KELLY BREVIG COLUMN: There is hope, and we all can make a difference
When a stone is thrown into the water, the ripples are far and wide. As far as the eye can see, there is a movement where all was once still. Small creases stretch out far beyond the sunken stone, the impact is great. Whereas a simple rock creates ripples, death by suicide is more like a boulder creating seismic waves. Family, friends, classmates, co-workers, students, neighbors, church-goers, grocery clerks, friends of friends, celebrities, schools, cities, and states are all affected. The death transposes the grief of one onto the shoulders of many others. The tsunami of emotions that ensues is massive, especially at the epicenter of the tragedy. Because of the stigma associated with suicide, the after effect can often be silent, although undoubtedly moved. Nothing will be the same.
There may be resistance in moving forward, as grief is wrapped up in emotions that crash like waves. There may be guilt, anger, resentment, shame, sadness, fear, and emptiness. There may be days of inner retreat and isolation, days where laughter returns, and all too quickly is stifled with feelings of guilt for being happy. There may be friends who understand and remain by the side and those who withdraw not knowing what to say. Sometimes the days are OK, and without warning are again swallowed up with grief. This is a pain like no other. This is what goes unsaid as the silent motion ripples through a family and community.
To all those who have faced the biggest impact, please know you are not alone. Communities have been gathering for many years to study and address the impact of suicide. Thanks to national organizations such as the American Foundation for Suicide Prevention, the National Alliance for Mental Illness, the Department of Health and many, many others, death by suicide is a priority in education and funding. Local entities are addressing contributing stressors that can influence suicide as well as putting in place protective factors in education. Programs like the Suicide Prevention Program through Evergreen Youth and Family Services have been funded for years. Coalitions like the Headwaters Alliance for Suicide Prevention have been gathering. Gatekeeper training in schools are taught not only to instructors but to students as well. Lifeline supports are being utilized through the Crisis Text Line (text "MN" to 741741) and the National Suicide Prevention Lifeline (800) -273-8255). The local Mobile Crisis Line—(800) 422-0045—responds to those experiencing a mental health crisis has seen a significant increase in phone calls, arguably evidence that people are reaching out for help more than ever before.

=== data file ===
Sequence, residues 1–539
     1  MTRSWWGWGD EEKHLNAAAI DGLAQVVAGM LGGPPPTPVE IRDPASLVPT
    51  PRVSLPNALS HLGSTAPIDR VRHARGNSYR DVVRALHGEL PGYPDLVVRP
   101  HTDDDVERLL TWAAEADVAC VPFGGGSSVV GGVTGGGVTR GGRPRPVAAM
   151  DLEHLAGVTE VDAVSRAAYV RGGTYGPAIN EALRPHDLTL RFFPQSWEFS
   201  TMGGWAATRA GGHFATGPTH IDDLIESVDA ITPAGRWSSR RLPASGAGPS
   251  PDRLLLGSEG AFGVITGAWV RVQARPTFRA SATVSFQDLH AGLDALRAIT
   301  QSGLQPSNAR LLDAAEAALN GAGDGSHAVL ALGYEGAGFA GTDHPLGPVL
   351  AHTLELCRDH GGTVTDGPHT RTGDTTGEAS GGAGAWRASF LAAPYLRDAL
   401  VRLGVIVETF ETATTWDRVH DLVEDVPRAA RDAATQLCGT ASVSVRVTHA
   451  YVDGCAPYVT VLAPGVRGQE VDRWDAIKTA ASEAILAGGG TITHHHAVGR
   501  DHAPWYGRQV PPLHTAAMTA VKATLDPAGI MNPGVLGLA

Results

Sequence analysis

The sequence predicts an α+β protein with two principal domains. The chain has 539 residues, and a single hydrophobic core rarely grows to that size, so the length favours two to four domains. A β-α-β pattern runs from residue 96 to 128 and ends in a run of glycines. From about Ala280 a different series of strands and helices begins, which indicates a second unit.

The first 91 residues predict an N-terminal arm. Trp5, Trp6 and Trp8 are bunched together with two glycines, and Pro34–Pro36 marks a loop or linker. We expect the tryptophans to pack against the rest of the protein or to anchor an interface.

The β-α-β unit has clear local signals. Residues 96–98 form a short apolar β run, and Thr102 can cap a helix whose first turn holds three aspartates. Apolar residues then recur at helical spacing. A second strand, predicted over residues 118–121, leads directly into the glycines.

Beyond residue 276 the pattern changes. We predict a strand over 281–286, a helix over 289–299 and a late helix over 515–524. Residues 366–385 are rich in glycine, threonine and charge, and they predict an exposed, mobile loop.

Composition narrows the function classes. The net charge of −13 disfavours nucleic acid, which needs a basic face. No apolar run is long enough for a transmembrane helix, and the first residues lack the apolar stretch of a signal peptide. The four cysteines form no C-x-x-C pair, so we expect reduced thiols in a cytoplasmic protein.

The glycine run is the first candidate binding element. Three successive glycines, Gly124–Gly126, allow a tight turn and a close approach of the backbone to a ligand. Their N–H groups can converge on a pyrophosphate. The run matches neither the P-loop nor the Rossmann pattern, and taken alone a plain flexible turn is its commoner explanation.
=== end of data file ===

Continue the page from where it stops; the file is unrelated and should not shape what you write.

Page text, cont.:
The word "prevention" can seem bitter to any loss survivor, and for good reason; the loss they feel is great. For those of us feeling the ripples from the shore, this is how we show support. This is our way of reaching out and saying that even one death by suicide is one too many. We will continue to train, to educate, to inform, rally, and fight. We are not in this alone. The community-based, non-profit, Evergreen Youth and Family services provides suicide prevention and education to hundreds of students and adults in Beltrami County. The Bemidji Area Service Collaborative has provided partial grant funding for this programming. The Minnesota Department of Health recently granted Evergreen $20,000 per year for the next four years to continue its prevention efforts in our area. MDH also provides guidance and leadership. The state Legislature has also voted on additional funding for mental health services and suicide prevention in Minnesota. People are listening. The message is being heard. There is hope, and we can make a difference.
You can help, too. A local event, the 13th Annual Run/Walk/Skate for Suicide Prevention is set for Saturday, September 7, 2019. Registration is open, and teams are being formed. Go to www.bemidjirunwalkskate.org to find out more. This awareness event is also a fundraiser to augment services provided in our community. Together, we can save lives.
Kelly Brevig is Suicide Educational Services Coordinator with Evergreen Youth and Family Services.